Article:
Chad Free, who has owned the six-screen Keene Cinemas since 2016, also observed attendance has been down due to fears around the coronavirus. Free said Monday that between 50 and 100 people, many of them diehard film fans, have visited the theater each day since it reopened on July 1.

Production companies were hesitant to release appealing first-run movies during the COVID restrictions. Having to rely on content that has already been available on streaming services and no new movies in the pipeline doesn’t help theaters get customers in the door.

“We’re having an awful time getting films,” Markaverich said. While drive-in theaters are experiencing a resurgence showing re-released classic titles like “Jaws,” “Goonies” and “Gremlins,” Markaverich said those don’t work at a theater like his.

“My audience is older folks and more artsy films,” he said.

Free has had some luck showing classic films, including “Raiders of the Lost Ark,” “Back to the Future” and “Jurassic Park.” Even so, Keene Cinemas might close its doors from Monday to Thursday in the fall, when people are less likely to attend movies.

“Hamilton,” which was slated for a summer release but went straight to streaming, is something Markaverich said “we could have played all summer.”

But the reality is that people just don’t seem ready to go to the movies — even with a number of protocols and policies in place to enhance safety precautions.

“People are very afraid of being in an enclosed space with people they don’t know,” Amsbury-Bonilla said.

So Amsbury-Bonilla decided that her return to business would pause once again after the one-week run of “Military Wives” ended, while Markaverich will only be showing his Saturday Afternoon Classics and his silent film series on certain Sundays, after last Thursday’s screenings of “Emma” and “Downton Abbey.”

“It’s the stark reality,” Amsbury-Bonilla said. “Why are we open if nobody’s coming? It’s costing us more money to be open.”

She didn’t expect every showing to be filled, but getting nine people over the first three days of being open was startling.

“We kind of thought if we could get 20 people in each showing we’d be fine,” she said. The showing where one person came resulted in a $7 day.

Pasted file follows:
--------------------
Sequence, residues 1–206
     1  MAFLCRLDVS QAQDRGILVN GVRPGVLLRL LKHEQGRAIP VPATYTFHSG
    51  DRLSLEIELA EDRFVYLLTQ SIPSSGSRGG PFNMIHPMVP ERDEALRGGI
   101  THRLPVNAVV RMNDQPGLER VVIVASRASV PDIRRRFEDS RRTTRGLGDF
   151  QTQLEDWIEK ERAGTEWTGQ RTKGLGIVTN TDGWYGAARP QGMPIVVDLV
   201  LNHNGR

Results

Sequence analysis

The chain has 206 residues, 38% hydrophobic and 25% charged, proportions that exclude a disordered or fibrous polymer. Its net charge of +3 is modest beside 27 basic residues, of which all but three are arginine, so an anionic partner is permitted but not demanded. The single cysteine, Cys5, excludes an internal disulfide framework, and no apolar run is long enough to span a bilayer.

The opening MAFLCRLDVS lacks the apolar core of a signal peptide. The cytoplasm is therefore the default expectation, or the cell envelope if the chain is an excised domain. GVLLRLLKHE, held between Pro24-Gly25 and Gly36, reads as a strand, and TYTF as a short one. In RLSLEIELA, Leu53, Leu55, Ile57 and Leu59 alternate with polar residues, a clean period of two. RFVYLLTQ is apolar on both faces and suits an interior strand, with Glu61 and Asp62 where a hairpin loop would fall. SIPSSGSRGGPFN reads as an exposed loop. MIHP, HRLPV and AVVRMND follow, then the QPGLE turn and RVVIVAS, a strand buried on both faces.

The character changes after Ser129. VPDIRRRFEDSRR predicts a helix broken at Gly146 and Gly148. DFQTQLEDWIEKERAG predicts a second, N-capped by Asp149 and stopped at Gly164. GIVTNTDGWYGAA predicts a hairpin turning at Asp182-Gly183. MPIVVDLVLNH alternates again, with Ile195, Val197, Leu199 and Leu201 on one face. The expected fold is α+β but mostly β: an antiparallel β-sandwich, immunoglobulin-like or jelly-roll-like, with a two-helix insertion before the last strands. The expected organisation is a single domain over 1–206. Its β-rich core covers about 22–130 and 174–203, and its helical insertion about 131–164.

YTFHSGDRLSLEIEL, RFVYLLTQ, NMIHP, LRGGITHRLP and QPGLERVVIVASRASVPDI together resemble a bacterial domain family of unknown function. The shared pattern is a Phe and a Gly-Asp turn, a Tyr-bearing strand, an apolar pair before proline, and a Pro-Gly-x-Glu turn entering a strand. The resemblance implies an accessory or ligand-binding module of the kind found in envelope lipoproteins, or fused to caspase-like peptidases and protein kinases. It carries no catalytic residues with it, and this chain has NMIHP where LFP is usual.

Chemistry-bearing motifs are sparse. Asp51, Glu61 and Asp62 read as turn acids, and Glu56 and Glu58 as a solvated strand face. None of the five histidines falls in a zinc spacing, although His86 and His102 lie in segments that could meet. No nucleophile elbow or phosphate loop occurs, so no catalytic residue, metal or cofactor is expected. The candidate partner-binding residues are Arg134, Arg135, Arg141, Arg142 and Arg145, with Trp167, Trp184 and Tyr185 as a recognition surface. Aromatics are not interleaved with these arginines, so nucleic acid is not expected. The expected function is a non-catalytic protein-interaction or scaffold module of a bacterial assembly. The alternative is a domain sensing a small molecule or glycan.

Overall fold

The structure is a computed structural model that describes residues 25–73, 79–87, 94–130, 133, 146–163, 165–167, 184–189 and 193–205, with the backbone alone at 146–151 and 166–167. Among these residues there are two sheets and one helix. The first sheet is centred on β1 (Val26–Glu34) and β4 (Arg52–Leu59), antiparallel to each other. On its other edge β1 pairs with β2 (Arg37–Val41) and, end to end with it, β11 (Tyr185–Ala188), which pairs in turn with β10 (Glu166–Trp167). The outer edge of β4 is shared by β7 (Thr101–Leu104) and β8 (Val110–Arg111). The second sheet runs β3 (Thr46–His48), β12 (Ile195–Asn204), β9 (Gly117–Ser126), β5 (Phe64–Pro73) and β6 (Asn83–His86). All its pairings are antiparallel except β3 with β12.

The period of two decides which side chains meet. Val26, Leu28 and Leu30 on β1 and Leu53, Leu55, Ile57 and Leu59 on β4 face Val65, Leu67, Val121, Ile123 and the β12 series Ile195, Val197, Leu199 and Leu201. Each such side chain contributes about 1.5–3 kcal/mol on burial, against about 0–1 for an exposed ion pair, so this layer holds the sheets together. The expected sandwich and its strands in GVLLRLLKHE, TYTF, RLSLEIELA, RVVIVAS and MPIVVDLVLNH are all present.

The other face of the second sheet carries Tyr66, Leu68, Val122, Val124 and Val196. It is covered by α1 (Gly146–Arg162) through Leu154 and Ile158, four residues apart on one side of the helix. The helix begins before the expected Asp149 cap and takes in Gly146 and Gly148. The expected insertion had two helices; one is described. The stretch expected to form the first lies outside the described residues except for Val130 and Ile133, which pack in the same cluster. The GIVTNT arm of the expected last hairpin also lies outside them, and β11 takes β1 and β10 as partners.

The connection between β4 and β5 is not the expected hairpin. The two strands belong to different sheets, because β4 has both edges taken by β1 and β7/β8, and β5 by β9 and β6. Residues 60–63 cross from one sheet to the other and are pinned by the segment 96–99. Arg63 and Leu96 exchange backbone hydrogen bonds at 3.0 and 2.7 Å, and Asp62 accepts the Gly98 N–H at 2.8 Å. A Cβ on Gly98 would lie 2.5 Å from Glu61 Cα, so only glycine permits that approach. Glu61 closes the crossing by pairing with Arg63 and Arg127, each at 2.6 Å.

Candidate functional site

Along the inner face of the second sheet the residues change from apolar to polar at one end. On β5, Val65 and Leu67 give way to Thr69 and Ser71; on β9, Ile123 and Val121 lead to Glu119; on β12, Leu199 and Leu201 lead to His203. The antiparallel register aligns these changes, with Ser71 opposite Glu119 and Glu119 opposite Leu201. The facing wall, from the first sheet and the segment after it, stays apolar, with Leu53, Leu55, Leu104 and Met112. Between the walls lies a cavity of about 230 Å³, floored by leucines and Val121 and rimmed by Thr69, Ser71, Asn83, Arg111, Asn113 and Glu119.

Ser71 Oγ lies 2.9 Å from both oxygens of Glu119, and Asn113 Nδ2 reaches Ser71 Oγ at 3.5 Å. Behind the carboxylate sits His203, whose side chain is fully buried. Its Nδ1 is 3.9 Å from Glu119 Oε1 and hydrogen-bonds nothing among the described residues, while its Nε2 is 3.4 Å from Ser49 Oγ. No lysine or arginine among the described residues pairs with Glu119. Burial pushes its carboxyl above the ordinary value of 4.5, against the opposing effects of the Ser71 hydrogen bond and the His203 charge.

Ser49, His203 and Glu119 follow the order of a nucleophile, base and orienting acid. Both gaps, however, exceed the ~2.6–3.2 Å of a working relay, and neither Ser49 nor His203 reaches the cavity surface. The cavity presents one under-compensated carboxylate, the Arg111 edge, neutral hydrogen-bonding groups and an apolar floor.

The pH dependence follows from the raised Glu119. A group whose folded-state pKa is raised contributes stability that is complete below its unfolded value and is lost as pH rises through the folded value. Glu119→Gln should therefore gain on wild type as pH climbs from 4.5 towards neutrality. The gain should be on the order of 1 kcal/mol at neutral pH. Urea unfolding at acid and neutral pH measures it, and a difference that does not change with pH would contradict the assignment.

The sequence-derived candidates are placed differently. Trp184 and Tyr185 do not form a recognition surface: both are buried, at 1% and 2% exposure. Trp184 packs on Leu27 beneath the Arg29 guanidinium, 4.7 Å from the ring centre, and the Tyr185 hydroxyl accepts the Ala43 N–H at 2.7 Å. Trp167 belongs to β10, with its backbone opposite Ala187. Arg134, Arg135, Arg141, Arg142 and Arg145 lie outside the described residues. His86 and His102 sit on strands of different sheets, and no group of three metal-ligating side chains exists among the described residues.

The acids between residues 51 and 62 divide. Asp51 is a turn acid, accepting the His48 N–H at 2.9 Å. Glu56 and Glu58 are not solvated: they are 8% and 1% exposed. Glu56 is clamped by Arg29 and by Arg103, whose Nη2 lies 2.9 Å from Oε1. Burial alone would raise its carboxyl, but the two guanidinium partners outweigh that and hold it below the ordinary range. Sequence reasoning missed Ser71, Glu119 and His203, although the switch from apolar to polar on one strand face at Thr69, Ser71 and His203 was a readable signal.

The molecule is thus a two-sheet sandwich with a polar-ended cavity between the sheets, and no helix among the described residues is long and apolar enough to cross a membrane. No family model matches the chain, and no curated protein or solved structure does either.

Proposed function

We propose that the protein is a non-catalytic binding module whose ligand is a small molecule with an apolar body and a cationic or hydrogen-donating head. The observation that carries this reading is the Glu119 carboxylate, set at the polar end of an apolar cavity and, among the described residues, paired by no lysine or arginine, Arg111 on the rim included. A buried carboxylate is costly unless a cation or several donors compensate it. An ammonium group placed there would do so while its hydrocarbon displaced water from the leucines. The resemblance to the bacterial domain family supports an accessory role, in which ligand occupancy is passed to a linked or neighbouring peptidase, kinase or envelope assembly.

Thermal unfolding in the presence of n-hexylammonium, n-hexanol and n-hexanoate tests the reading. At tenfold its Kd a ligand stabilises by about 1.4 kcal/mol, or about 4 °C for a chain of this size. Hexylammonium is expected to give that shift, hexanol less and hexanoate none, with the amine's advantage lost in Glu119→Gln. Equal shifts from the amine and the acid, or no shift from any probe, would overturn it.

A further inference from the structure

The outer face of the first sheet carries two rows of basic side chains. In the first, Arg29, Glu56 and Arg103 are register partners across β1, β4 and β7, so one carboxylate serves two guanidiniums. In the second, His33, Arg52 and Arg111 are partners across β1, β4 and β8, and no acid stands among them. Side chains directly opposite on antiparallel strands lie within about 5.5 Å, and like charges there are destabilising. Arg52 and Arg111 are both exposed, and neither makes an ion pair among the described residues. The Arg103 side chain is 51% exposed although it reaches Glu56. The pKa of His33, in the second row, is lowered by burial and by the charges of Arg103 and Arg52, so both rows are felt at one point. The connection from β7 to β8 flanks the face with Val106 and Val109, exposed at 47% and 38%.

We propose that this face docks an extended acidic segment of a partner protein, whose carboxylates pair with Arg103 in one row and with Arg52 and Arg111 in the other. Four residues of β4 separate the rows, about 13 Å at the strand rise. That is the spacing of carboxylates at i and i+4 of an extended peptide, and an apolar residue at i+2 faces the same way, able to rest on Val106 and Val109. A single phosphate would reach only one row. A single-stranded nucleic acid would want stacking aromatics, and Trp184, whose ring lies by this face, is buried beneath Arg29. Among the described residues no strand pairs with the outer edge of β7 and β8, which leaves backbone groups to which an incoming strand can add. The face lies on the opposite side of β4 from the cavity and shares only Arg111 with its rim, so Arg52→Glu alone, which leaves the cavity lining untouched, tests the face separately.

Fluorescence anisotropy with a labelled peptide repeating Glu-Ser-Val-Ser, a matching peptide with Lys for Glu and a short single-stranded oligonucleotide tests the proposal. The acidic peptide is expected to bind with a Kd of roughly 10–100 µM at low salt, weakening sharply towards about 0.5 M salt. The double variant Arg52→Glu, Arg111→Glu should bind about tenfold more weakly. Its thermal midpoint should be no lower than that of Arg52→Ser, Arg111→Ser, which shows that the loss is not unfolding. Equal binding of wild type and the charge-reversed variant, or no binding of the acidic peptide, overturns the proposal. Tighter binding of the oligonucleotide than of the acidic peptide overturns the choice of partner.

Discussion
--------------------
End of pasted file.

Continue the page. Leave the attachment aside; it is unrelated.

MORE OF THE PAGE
“For the people who do show up, it’s totally safe,” Amsbury-Bonilla said.

Markaverich said those who have come are the usuals, and there have been no new customers.

“I want to be optimistic, but this is the reality,” Markaverich said. “The show will go on after this intermission.”

Turning a profit has also proven difficult for Keene Cinemas, which managed to retain all of its employees during the pandemic — at a price.

“My main concern is actually them,” Free said. “I haven’t even been taking a salary, myself, for the last month and a half. I just want to keep them employed.”

Markaverich compares the recent operation of the theater to shoveling money into the boilers of the Titanic. He opened just days after being allowed on July 3 and admits it was probably a little early.

“I was excited to get going again,” he said. “I had to start somewhere, I had to start sometime, I had to play something.”

Amsbury-Bonilla put in place a mandatory mask policy for Sundays, but after no one showed for the matinee and four in the evening, the message was clear.

“We had hoped our mandatory mask Sunday would make a difference,” Amsbury-Bonilla said.

She launched a GoFundMe last week to hopefully help the theater see the other side of this. She pointed to the fact that the community pooled together more than $40,000 when the theater made the switch to digital in 2013 as a positive reminder that this area wants to see it survive. As of Wednesday, less than 24 hours after Amsbury-Bonilla launched the GoFundMe, it had raised more than $5,600 through 63 donations. By Tuesday morning, it had raised more than $11,000 toward its $12,000 goal.

“I’m really hoping we can do the same, but I realize we’re in a very different time,” Amsbury-Bonilla said prior to its launch.

The theater did, after all, survive the last global pandemic in 1918 — just four years after opening.

For the movie she was showing, Amsbury-Bonilla said in normal times it would have been one of those bread-and-butter kind of movies.

“But people just weren’t coming,” she said. When she did a soft opening, just showing mystery movies of her choosing for free, she had better attendance.

In an effort to bring in some business, Amsbury-Bonilla is offering the option of private rentals of the theater. The cost is $75 for less than 10 people and $100 for 10 or more. As of last Tuesday, she said there were five rentals planned through the end of the month. People can bring in a DVD or Blu-ray or use their phones to connect to the theater’s Chromecast to stream. She is working to get a virtual cinema program through some small indie studios up and running, where she will get a portion of the sale, but “the problem is most of those movies nobody’s ever heard of.”

Markaverich also offers private parties and has a few booked moving forward to complement his weekend offerings.

Free, at Keene Cinemas, cut ticket prices to $5 until Nov. 1, when he expects many of the production studios to begin releasing new movies again.